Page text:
I guess there's no definite answer. While I prefer my way of doing things(duh -- it's my way), there isn't anything wrong with your way.
#37 Edited by PenguinDust (12483 posts) -

I remember hearing from some game reviewers describing their encounters with game publishing PR folks concerning how they arrived at their scores.  Some PR people would read the review, see that the reviewer mentioned three grievances and from there tabulate how much each failing was worth to arrive at the final score.  Let's say a game starts at 100% with a printed review score of 88%.  If the reviewer cited three problems they had with the game then each problem must be worth 4 percentage points off the top.  Now, most game reviewers don't operate under that strict a format in their review process, but that isn't to say that such a method couldn't be applied to address the technical aspects of a game.  Was there graphical slow down?  Was their pop-in?  Did it happen more than once?  More that 5 times?  Were their load times?  Did the loads last longer than 15 seconds?  And, so on...  This way a separate review score could be objectively published for readers uninterested in the feelings a reviewer had while playing through the game.  It might not offer the best insight into the game as a whole, but it would still serve a purpose for some members of the game playing community.  Aspects such as tedium, integration of co-op, usefulness of items, and presentation would be addressed in separate critiques.  After all, how do you put a number on "Fun" without it being an opinion?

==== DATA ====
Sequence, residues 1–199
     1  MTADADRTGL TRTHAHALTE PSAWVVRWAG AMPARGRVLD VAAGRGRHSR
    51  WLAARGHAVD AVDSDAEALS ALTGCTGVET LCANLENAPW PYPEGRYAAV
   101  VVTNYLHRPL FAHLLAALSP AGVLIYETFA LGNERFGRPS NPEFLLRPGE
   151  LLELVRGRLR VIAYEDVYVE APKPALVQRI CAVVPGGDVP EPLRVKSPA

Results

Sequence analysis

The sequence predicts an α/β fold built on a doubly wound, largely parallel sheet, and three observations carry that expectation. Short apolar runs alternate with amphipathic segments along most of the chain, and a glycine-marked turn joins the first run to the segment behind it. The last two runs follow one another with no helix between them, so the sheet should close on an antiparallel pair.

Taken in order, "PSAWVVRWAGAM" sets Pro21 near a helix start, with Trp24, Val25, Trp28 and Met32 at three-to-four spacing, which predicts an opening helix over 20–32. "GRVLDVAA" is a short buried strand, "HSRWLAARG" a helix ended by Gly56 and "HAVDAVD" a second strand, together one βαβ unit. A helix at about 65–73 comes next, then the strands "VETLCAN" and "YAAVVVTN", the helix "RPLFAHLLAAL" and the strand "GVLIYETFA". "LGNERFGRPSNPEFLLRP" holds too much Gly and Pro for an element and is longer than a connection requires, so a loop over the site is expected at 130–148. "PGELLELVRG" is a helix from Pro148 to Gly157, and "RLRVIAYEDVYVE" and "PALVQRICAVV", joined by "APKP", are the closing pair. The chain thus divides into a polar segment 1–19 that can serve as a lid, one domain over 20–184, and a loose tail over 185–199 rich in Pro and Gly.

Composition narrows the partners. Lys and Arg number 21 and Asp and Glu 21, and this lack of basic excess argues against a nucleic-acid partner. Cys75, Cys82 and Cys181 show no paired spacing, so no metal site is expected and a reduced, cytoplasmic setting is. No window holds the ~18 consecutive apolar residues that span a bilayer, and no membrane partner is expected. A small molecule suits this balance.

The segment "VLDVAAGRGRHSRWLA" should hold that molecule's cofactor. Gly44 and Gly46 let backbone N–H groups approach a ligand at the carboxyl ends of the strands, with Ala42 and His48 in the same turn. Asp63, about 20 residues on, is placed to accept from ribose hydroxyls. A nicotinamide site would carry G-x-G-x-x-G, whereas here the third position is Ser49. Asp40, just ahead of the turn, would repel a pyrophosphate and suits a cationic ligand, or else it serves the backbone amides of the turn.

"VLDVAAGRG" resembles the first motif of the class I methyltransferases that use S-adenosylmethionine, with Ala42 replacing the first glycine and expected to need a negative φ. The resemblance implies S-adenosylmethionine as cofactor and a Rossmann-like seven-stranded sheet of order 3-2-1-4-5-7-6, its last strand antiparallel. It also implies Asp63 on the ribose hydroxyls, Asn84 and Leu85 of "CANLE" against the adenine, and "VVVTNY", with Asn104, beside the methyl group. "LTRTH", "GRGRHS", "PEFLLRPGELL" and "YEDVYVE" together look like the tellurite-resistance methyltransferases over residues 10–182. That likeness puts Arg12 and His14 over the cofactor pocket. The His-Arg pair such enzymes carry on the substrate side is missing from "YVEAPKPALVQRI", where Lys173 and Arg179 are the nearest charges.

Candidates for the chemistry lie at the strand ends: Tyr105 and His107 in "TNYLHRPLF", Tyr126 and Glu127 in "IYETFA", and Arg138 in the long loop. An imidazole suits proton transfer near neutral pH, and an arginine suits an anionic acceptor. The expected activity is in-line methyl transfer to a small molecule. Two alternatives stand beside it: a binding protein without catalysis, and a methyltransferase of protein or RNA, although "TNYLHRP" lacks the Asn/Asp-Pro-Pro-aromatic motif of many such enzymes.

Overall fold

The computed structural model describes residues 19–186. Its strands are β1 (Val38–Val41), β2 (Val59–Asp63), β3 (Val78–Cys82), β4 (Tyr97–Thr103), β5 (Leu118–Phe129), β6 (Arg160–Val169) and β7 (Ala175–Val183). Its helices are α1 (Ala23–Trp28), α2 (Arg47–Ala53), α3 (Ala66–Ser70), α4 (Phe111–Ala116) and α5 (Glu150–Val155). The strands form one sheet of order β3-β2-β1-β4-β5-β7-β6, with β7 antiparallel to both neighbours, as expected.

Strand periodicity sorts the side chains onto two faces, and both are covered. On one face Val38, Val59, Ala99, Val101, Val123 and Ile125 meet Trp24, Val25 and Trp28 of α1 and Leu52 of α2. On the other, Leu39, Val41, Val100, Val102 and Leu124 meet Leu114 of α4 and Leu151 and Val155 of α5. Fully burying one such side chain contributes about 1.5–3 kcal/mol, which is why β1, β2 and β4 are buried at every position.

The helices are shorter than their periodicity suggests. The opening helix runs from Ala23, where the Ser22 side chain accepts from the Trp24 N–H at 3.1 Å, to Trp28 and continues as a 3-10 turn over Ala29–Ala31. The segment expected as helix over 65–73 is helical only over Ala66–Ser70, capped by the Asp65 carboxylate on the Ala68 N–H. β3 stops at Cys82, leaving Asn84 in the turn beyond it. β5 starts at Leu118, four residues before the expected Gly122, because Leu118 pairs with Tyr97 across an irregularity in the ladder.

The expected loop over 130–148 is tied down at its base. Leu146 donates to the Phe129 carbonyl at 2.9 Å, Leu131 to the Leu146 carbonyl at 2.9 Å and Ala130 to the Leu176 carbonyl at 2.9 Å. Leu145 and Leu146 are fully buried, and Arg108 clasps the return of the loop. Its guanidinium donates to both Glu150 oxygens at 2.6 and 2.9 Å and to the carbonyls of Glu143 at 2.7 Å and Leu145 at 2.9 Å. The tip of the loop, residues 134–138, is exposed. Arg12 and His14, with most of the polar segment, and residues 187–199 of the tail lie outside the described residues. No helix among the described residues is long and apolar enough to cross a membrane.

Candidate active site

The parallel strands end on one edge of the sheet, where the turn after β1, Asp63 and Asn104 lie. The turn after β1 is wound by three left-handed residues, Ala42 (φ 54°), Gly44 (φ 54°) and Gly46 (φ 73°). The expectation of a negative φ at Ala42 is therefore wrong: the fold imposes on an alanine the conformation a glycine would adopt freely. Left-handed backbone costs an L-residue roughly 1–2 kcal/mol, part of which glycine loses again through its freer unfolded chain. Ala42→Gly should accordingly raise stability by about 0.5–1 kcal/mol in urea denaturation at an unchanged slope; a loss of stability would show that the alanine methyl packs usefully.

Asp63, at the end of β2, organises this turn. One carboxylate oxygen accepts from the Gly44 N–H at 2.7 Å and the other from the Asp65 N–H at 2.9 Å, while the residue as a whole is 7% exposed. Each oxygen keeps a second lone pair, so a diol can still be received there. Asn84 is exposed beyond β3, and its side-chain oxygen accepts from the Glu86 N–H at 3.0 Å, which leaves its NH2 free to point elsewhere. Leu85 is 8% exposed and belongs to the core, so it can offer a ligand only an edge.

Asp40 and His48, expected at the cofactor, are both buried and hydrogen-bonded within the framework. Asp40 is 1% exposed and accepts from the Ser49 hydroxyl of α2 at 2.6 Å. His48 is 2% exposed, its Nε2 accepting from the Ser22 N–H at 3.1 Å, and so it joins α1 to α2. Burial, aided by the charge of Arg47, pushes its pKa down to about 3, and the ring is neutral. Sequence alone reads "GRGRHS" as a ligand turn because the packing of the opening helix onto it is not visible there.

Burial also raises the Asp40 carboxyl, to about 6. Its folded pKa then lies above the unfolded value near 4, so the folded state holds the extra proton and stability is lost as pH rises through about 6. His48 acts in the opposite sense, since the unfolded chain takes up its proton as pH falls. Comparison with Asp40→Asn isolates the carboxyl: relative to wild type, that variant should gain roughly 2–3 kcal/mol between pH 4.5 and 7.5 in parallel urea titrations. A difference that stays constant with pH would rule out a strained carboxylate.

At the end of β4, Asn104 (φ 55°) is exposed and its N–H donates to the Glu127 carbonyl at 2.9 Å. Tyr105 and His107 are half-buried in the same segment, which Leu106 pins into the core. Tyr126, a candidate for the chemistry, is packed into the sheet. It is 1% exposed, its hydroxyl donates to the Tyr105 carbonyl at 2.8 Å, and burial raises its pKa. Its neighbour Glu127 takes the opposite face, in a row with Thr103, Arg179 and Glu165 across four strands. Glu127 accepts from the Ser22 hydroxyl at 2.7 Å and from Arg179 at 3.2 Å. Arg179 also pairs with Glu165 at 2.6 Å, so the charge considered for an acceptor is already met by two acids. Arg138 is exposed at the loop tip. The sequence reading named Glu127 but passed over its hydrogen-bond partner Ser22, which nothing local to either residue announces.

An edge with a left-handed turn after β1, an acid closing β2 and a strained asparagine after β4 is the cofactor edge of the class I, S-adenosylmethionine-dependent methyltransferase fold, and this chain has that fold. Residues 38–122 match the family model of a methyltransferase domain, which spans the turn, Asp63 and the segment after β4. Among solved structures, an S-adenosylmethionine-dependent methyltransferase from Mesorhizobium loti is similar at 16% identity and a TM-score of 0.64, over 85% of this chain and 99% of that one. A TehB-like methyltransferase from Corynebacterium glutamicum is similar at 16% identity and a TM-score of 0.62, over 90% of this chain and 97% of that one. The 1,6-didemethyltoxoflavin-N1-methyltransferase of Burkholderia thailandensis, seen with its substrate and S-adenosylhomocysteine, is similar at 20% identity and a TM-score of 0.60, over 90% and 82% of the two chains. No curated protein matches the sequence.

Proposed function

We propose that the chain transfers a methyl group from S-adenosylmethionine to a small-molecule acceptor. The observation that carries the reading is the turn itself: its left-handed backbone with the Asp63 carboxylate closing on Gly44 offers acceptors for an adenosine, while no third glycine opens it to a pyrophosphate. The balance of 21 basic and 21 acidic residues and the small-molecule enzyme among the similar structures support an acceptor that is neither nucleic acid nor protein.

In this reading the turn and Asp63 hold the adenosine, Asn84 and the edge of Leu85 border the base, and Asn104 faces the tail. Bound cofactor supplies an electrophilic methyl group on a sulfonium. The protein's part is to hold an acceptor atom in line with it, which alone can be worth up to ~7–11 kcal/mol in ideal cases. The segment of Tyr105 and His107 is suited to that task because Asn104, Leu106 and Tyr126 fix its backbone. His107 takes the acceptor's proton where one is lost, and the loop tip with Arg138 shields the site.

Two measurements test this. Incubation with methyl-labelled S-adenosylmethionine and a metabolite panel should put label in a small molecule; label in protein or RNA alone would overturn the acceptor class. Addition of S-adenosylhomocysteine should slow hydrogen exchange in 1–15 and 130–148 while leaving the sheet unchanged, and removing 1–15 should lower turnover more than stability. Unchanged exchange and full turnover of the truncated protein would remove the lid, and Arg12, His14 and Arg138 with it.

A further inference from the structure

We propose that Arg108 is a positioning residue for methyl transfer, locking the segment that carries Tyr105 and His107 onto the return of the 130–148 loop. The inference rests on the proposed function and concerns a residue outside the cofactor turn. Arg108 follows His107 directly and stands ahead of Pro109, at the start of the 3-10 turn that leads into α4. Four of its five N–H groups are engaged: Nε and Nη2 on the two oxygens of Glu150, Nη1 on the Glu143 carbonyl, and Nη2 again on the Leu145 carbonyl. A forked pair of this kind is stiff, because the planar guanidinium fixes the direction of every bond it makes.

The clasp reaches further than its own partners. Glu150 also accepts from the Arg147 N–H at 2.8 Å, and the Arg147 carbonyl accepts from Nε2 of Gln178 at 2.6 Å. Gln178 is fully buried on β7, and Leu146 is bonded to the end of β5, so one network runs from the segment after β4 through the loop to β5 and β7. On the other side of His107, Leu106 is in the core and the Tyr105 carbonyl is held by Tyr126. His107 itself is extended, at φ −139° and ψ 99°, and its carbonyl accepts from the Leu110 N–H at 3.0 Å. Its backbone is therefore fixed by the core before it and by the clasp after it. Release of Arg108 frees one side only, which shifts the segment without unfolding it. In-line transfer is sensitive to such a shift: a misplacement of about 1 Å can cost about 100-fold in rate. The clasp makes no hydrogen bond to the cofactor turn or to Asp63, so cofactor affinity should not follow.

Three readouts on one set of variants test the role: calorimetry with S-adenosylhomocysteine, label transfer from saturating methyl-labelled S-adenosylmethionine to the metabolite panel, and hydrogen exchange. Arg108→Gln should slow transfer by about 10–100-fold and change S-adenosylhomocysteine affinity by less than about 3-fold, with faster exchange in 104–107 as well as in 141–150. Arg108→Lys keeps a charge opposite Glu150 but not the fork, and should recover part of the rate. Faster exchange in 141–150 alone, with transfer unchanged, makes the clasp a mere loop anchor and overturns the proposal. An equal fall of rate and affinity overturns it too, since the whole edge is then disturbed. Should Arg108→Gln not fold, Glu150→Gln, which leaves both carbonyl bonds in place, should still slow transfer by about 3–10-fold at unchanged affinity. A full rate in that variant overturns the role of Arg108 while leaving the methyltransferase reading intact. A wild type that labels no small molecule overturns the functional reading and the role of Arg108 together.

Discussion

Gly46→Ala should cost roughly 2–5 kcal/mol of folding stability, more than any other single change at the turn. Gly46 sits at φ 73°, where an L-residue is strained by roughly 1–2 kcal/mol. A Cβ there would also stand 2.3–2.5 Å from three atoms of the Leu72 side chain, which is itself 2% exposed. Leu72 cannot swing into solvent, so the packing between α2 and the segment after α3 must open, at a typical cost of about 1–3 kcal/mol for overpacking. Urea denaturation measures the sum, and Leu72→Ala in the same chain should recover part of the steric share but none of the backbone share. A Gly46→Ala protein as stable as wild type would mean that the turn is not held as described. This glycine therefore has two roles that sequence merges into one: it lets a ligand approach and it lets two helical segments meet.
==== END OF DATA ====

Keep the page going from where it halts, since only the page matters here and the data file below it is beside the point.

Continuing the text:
#38 Posted by Video_Game_King (36272 posts) -
@Rhaknar: 
 
Ever hear the phrase "fight fire with fire?" Ever try that, and see it fail horribly? That was the premise of the flame shield. Hence, I still win.
#39 Posted by kariyanine (216 posts) -
@oldschool said:
You don't have to.  I am not saying no personal experience of the writer, just that it should be weighted appropriately.  A game should be compared against other games in the same genre and that is where the personal opinion comes into it for me.  If you review Forza 3, then it is reviewed with Forza 2, Gran Tursimo, Need For Speed and PGR3/4 in mind.  You get your baseline from that and it should be noted how it compares against what has come before it.  An actual score is more about what it does above "perfectly acceptable" or average.  What it does better than average pushes that score up.  Better still, no score at all as a number is really quite meaningless.   
 
It is probably true to say that writers write purely to entertain, but in doing so, they cheapen the worth of what they write.  It is also true that some people want to be entertained by the review.  I still it can be done without ruining the integrity of the review.  If we disagree that a review cannot be objective, then we will never agree.  I am not going to take it personally.  I have a lifetime of being analytical and critical of journalists in general.  I don't feel the need to just settle for what they dish out. "
I believe you may be right that we will not agree on this issue.  I just don't believe that people can be purely objective on the level you seem to be referring to.